Canadian Football League

Thursday, July 20, 2006

Canadian Football League Week #6 Picks

Ti-Cats vs. Als

The Als layed quite a beaten on The Bombers last week and while The Cats picked up a
win last week, on paper this should not even be close.
Sometimes paper can be right. Als by 15

Bombers vs. Eskimos

The Bombers destroyed the Grey Cup Champs in Winnipeg on Canada Day. But that was
Winnipeg and this is Edmonton and a grass field along with 7 changes to the Bomber line-up.

Eskimos by 13

Lions vs. Stamps

Everyone is taking The Stamps in this one. The feeling is the Lions are in a slump.
Call it a hunch but take the Lions by 5

Argos vs. Riders

Argos are comming off a bye and usually do not fair well in Regina.

Riders by 7

Lat Week: 0-3 over-all 8-10

Wednesday, July 19, 2006

Former Canadian Football League player named Head Coach of Daytona Beach

Former New York Giant, Tampa Bay Buc and Canadian Football League Hall of Famer Leon Bright has been named the Head Coach/Director of Football Operations for the Daytona Beach Thunder.
Owners Kevin McDonald, Zack McDonald and Antone Smothers introduced Bright at a media event on Wednesday, July 19 at the DBCC Public Broadcasting 15 Studios' set for "Thirty Minutes of Thunder and Lightning," the team's television show airing on the local PBS affiliate.
"Forgive the pun, but today is a very Bright day," Zack McDonald said. "In Leon, we have a distinguished individual with an impressive background and impressive connections. Our football operations have improved drastically simply by having Leon on board."
"This is a great opportunity, said Bright, 51. "The Thunder is an outstanding organization dedicated to the community. The ownership is strong, the support is strong and the opportunity for success is unlimited. It's time to bring a championship to Daytona Beach and Volusia County."
The franchise received 39 applicants for the position from every professional indoor league, including the Arena Football League and from as far away as Australia and Ireland.
However, as the process continued, Thunder owners realized that the new coach needed to have strong local connections to be successful both on and off the field.
"We're continuing to build a championship team and a championship franchise," McDonald said. "Sponsorships and community ties are as important as victories at this point.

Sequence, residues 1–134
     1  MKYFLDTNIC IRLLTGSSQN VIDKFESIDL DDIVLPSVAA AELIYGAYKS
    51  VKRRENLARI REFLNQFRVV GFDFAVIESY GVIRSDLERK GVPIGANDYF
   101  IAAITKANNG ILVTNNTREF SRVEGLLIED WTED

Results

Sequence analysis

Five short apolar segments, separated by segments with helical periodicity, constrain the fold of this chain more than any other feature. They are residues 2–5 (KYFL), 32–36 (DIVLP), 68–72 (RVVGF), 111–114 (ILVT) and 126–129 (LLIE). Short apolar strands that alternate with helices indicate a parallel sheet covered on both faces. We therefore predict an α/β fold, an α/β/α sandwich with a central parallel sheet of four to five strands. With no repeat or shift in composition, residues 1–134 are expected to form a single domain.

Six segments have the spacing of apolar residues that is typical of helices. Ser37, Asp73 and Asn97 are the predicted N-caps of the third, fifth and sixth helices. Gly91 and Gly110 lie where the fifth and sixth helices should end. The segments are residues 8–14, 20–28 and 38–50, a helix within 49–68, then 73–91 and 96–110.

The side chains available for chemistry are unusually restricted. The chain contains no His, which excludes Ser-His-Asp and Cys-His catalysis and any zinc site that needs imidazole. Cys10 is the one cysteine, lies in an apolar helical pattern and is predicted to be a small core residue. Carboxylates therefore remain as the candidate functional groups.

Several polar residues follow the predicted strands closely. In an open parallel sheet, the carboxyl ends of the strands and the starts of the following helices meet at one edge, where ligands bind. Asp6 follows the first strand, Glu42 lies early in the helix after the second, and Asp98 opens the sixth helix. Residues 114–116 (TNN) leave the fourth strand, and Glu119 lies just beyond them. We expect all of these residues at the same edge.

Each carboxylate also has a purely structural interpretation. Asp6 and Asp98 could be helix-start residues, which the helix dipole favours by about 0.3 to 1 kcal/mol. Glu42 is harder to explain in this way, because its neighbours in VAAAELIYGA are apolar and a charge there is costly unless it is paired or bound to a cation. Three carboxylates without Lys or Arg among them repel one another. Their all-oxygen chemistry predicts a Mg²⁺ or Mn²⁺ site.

Bright is a resident of DeLand and is currently the director for the Chisholm Community Center. He's been active in the West Volusia community for numerous years.
"One of our team's goals is to break down the `wall' between West Volusia and East Volusia," McDonald said. "Leon will help us do that."
Other candidates from the area included local high school football coaching Rocky Yocam and Chad Rhodes, a Thunder assistant and head coach at Lighthouse Christian Academy. Yocam served as a color commentary for Thunder broadcasts in 2006.
"To have well-respected coaches such as Rocky Yocam apply for our job gave us a sense of pride in the fact that name coaches want to be a part of our organization," McDonald said. "Chad has done a great job for us and deserved consideration."
The Thunder also considered three assistants from the AFL and interested parties from every other team (excluding Rome) in the American Indoor Football League's Southern Conference as well as former Evansville Bluecats (UIF) defensive coordinator Russ Shearer.
"The overall quality of applicant was impressive," McDonald said. "But we know Leon can get the job done."
A native of Merritt Island, Bright was a two-year letterman at Florida State University and still holds the record for longest kickoff return.
In 1977, he opted to venture north to the Canadian Football League, where he was named Rookie of The Year and an All-Pro receiver for the British Columbia Lions. He spent four seasons with the Lions as a part of a corps of players that returned the franchise to success. Fans voted him to CFL Hall of Fame as a member of their "Dream Team:
Bright joined the New York Giants in 1981 and spent three seasons there under the tutelage of then assistants Bill Parcells, Bill Bellichik and Romeo Crennel, who are now the head coaches of the Dallas Cowboys, New England Patriots and Cleveland Browns. His playing days concluded with two seasons with the Bucs.
"Leon's maintained those connections with the NFL and CFL, and also has connections with the AFL," McDonald. "That will help us help our players make it to the next level."